Another year is coming to a close. As we prepare for sugar plums, roasted chestnuts, and other holiday traditions, criminals are thinking about the ways they can capitalize on current events and issues this season. By thinking ahead and staying alert, however, we can better prepare for potential phishing schemes, social engineering, and other cyberattacks.
As always, you can anticipate some obvious messages during the holiday season. For example, you may receive a message saying that an order has a problem or that your credit card is about to be charged $52,000, and you can fix it if you “click here.”
Fraudulent shipping and tracking emails and notifications are also a popular phishing scheme. If you receive a message that says something like “click here now or your package will not be delivered,” please do not open the link. If you did order something, go to the website where you purchased the item — manually, by typing the URL in your browser or using your own bookmark/shortcut — and track it there. Attackers use this tactic because it works well. If you have even the tiniest doubt, don’t open the link. Verify it manually and report the message as a phishing attempt to firstname.lastname@example.org.
This year, you can expect criminals to leverage the ongoing pandemic, social topics like climate change, and supply chain issues in their attacks. For example, you might receive an email that says the year’s hottest toy, which has been difficult to find, is only a click away — and at a reasonable price.
Attackers also may use QR codes, which are more prevalent than ever. We often talk about the idea that when you open a link you are saying, “I trust you — take me where you want,” but we don’t talk about the fact that a QR code is essentially a link, and you should treat it with the same caution.
Cybercriminals will use all these tactics and more to entice you to open a link or attachment, download a file, provide personal information, or visit a website. Some of their ploys are well-crafted, so knowing what to expect when we receive these messages should help us to remember that criminals are actively trying to take advantage of us and current events.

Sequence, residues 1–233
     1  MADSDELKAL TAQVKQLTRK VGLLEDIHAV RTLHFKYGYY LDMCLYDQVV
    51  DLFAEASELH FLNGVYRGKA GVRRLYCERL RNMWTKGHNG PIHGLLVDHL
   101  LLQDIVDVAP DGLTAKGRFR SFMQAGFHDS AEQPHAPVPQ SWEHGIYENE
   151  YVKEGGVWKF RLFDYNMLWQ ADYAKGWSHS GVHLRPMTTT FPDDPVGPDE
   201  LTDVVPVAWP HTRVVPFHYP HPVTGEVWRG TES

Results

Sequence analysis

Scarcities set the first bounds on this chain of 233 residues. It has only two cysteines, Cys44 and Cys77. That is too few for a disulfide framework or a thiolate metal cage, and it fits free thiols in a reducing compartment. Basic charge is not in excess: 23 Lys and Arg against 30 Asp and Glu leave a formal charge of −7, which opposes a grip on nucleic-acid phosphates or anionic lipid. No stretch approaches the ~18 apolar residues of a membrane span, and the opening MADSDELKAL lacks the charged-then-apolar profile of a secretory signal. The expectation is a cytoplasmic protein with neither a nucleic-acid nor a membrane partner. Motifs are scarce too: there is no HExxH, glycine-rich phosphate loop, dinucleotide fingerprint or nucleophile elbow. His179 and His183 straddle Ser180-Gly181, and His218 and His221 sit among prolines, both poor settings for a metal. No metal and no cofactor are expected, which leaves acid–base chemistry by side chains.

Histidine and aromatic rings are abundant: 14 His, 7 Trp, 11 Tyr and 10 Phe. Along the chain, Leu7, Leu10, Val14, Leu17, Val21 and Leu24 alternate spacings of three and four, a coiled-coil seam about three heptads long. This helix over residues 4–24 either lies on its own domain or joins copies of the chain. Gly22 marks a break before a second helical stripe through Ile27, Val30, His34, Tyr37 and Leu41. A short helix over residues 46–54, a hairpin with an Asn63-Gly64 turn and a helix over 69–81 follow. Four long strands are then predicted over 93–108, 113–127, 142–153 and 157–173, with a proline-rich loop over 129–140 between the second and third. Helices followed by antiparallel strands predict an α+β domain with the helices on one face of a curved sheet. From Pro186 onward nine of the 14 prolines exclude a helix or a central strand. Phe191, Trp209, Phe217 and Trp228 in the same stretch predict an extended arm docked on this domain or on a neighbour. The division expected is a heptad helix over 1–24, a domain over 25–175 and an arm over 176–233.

Remember what you’ve been taught:
- If something sounds too good to be true, it probably is.
- Also, if it sounds too bad to be true, it probably is.
- If an email, call, or message seems unusual or scares you, making you think you need to act, it’s probably a scam.
If you receive a phishing attempt through a university email account, forward the email as an attachment to email@example.com and U Police at firstname.lastname@example.org. If you’re not sure whether an email is a phishing attempt, send it to email@example.com anyway, and let the ISO analyze it.
All the gifts you’ll be offered through email and text messages? They’re questionable. The Information Security Office’s gift of free email/phishing analysis is solid. It’s like the jelly of the month club — a gift that keeps on giving all year long.
From the Information Security Office:
- Phishing fundamentals: 3 tips to shore up your defenses
- Why so many phishing attacks succeed
- Common scams — and how to spot them
- Scam safety tips
- IT Knowledge Base article: Phishing
From trusted information security organizations and government entities:
- Keep the Holidays Merry & Bright - Beware of These Sneaky Seasonal Phishing Scams
- What Seasonal Phishing Scams Does Our Team Need to Watch For?
- Watching out for Seasonal Scams
- Threat Intelligence: COVID-19 Proof of Vaccination Scams
- These phishing emails use QR codes to bypass defences and steal Microsoft 365 usernames and passwords
- 12 Examples of Ransomware Attacks
- Must-Know Phishing Statistics: Updated 2021